When Jesus said that it is easier for a camel to pass through the eye of a needle than it is for a rich man to enter the Kingdom of God, it was a joke, but He wasn’t kidding. In modern language He could have said that it would easier to sell refrigerators to Eskimos; or maybe the rich man has a snowball’s chance in hell. It was that sort of statement. He went on to add; but anything is possible with God. This camel story appears three times in the Bible, so it was no casual comment.

That passage has worried me all my life and I think it comes down to the definition of “rich.” By the world’s standards, all Americans are rich. By my standards, anyone with more money than me is rich. I once thought that rich meant running water and flush toilets. Now I’m more inclined to think that it means gold-plated faucets.

My favorite recent definition of “rich” is to demonstrate our ability to be wasteful.

Not too many decades ago, if we owned land we used it to graze livestock, plant crops, or build something on it. Somebody decided that they could flagrantly demonstrate their wealth by setting aside a piece of prime real estate in front of their house. They would not graze cattle, or grow food, but just grow grass and then cut it down and throw it away. Now, just about everybody has a lawn, but few remember the purpose was to demonstrate that we are so wealthy that we have land to waste.

When Jesus condemned the rich, I think He was referring to the flagrant waste of resources. Fast forward two thousand years. How do we flagrantly waste resources? Are we so rich that we never have to open a window but instead rely on heating and air conditioning to maintain an even temperature in our office buildings? Are we so rich that we can drive around in oversized vehicles that are too large for our purposes? Are we so rich that we not only set aside space to raise grass just to look at, but then use millions of gallons of water to keep it green, just to cut it down? Are we so rich that we can keep fifty gallons of water hot, just in case we need it, instead of heating water only when we want hot water? I could go on for a long time, but I think you get the idea.

In the Old Testament, in II Samuel 15:1 “Absalom provided for himself a chariot with horses and fifty men to run in front of him.” I laugh every time I read that because I know so many people who would do that if they could. I presume that in Absalom’s time that was the equivalent of as stretch limo. He used it to impress people and it apparently worked. If you haven’t heard of Absalom, it is because God was not nearly as impressed as the people were and he quickly met his demise.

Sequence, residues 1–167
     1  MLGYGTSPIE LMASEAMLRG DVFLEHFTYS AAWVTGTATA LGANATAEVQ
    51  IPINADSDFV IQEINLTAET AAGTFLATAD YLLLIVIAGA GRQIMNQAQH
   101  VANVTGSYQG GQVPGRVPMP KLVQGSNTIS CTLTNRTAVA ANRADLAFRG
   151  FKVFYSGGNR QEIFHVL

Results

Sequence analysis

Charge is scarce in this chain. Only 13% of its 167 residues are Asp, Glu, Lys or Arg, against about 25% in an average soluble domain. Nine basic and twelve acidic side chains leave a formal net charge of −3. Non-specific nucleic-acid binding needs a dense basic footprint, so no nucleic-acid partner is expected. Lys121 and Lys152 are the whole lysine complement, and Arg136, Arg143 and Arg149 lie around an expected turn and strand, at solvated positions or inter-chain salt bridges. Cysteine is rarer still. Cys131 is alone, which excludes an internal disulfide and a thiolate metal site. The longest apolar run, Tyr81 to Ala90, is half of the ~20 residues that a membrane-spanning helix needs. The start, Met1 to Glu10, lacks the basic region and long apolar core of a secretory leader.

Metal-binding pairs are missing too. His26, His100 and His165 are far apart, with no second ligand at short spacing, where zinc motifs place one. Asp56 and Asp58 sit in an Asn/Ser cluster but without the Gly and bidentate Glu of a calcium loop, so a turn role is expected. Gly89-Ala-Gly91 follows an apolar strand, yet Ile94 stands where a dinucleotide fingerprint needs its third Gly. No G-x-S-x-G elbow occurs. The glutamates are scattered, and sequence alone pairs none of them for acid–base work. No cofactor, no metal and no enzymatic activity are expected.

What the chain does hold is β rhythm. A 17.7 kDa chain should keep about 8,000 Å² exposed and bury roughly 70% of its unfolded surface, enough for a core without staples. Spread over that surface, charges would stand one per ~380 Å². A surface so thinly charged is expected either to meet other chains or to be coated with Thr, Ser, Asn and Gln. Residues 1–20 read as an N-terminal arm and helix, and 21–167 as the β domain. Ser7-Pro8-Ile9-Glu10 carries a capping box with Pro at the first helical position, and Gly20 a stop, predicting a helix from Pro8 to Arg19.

King Solomon is depicted as one of the wisest and wealthiest men ever to have lived, but he died unhappy and dejected. His autobiographical poem, the “Book of Ecclesiastes,” often refers to the vanity of chasing after things.

Surveys indicate that if there is any correlation between wealth and happiness it is the opposite of what we might expect. The wealthiest people are often among the most unhappy. The lottery has destroyed more lives than it has ever brought happiness.

Is it possible for a rich man to enter the kingdom of heaven? Well, like Jesus said, “Anything is possible with God.”

Monday, March 29, 2010

Bob the Painter

Bob loved to go to art museums, so he decided he would become a painter. He studied the art of the old masters and began to learn to copy them brush stroke for brush stroke. He learned about color and texture and became a very good painter.

Bob’s favorite artist was Van Gogh so he decided that he would copy all of Van Gogh’s paintings. He became very good at copying Van Gogh and eventually could make exact copies of Van Gogh’s painting without even looking at the original.

Bob entered his paintings in an art fair, but the judges just laughed and said, “These are just copies of Van Gogh. These have already been done.” Bob was sad, but he went to the art fair anyway. There he found all kinds of exciting new paintings, things like he had never seen in the museums. Wonderful new exciting things were around every corner. So Bob sat down to think and listen to a band that was playing as part of the art fair.

The band played all of his favorite songs that he had heard on the radio many times. Then the headline band got up to play. They looked and sounded just like his favorite band from 1964. They played all the great songs from 1964 to 1968. They sounded just like the original band.